The Observer Effect On Leading Change
In 1927 German physicist, Werner Heisenberg, discovered the seeming impossibility of determining simultaneously the position and velocity of atomic particles.
This was due, in part, to the fact that to make observations of the particles it became necessary to use instruments that influenced the atom, or system, being measured. In time this became known as the Principle of Uncertainty or the Heisenberg Principle.
Also in the 1920’s, the Hawthorne Works Electric Plant commissioned a study to see if their workers would become more productive in higher or lower levels of light. The workers’ productivity seemed to improve when changes were made, and slumped when the study ended.
It was suggested that the productivity gain occurred as a result of the motivational effect on the workers of the attention being shown them as research subjects, rather than to an increase or decrease in levels of light.
This phenomenon whereby individuals improve or modify an aspect of their behavior in response to their awareness of being observed became known as the Hawthorne Effect.
More recently this phenomenon has been referred to as the Observer Effect, which refers to changes the act of observation will make on that being observed.
Examples of the Observer Effect
A commonplace example is checking the pressure in an automobile tire; this is difficult to do without letting out some of the air, thereby changing the pressure. When we stick a thermometer in a glass of water it will change the temperature of the water as well.
As the Hawthorne Effect shows, the observing and measuring of people has not only a physical effect but a psychological one as well. Simply put, people behave differently when they know they are being observed, measured or evaluated.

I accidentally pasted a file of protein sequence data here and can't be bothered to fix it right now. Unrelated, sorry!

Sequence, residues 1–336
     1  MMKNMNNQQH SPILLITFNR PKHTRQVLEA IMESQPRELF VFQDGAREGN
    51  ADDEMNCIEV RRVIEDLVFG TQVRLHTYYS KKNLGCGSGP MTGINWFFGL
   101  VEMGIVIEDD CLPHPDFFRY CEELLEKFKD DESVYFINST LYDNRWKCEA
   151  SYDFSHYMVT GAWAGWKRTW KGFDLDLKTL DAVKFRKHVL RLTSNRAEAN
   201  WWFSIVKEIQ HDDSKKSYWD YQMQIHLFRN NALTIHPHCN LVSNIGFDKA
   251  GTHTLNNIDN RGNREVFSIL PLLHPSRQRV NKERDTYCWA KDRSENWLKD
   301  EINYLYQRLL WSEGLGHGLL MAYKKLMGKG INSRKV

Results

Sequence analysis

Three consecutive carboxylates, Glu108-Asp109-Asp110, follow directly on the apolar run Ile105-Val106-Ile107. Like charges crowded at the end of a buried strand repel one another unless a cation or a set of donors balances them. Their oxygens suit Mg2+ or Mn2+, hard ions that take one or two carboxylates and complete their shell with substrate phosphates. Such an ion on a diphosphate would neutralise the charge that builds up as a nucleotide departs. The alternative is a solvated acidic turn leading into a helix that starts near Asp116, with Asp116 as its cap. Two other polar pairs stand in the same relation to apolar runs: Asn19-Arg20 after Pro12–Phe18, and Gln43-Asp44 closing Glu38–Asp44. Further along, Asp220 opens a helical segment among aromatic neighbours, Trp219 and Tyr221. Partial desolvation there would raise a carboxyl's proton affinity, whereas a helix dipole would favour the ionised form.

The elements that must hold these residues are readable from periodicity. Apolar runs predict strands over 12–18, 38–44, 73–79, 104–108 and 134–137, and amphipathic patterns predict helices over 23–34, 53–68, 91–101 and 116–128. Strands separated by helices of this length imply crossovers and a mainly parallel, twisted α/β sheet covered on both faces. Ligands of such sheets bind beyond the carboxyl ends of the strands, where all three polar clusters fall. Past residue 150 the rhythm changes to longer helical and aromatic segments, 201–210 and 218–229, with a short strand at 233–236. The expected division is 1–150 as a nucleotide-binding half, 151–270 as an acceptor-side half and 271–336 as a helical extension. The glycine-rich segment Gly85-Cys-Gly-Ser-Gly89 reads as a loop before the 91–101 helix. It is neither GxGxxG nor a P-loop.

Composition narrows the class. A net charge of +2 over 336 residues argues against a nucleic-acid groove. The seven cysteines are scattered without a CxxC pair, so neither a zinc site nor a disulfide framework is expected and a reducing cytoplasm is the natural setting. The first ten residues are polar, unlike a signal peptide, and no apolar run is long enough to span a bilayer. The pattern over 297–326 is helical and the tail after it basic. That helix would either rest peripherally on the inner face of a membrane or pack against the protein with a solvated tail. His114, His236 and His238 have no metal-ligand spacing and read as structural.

Thus the prevalent use of financial audits, performance reviews, surveillance cameras, airport security screening devices and radar guns.
Why Many Church Change Initiatives Fail
In all too many churches change initiatives and strategic plans, even when approved and broadly accepted, are never fully realized because leaders fail to understand the power of the Observer Effect on lasting change.
There are many plausible reasons Jesus chose to send his disciples out two-by-two, but quite possibly he knew the observation and support of a partner is a powerful source of accountability. And, as a form of measurement and evaluation, Jesus most likely asked the pairs to report when they returned. Maybe Jesus knew that without observation and measurement it would be difficult for the disciples to stay the course on their missionary journeys.
Likewise in churches, without some form of consistent observation, measurement or evaluation change initiatives rarely stick and the necessary new behaviors are not established.
Two Types of Observation and Measurement Systems
There are two broad categories of observation and measurement systems that a leader can establish to insure change implementation, Formal and Informal.
Formal: Some measurement systems are formal in nature, such as reporting on activity and ministry results quarterly or annually, weekly offering reports and monthly budget reviews to the Deacons, Elders and Church. In each case, knowing their ministry initiatives are being tracked and reported on will influence what church staff and volunteers do and how they do it.
Informal: Measurement systems need not be formal to be effective. A Pastor or church leader is also “measuring” each time they personally observe a ministry in action and ask questions. When a church leader observes and comments it communicates priority and staff and volunteers will respond accordingly.
A change leader should always remember that when they make an effort to measure a change initiative, formally or informally, it communicates that the initiative is important. So it is imperative that measurement systems focus primarily on high priority initiatives. Measuring low priority initiatives makes them appear more important to followers than they really are.
In summary, church leaders should measure what they want to get done, see happen or change. The maxim that best reflects that reality is, “You get what you inspect, not what you expect.”
Posted on November 18, 2014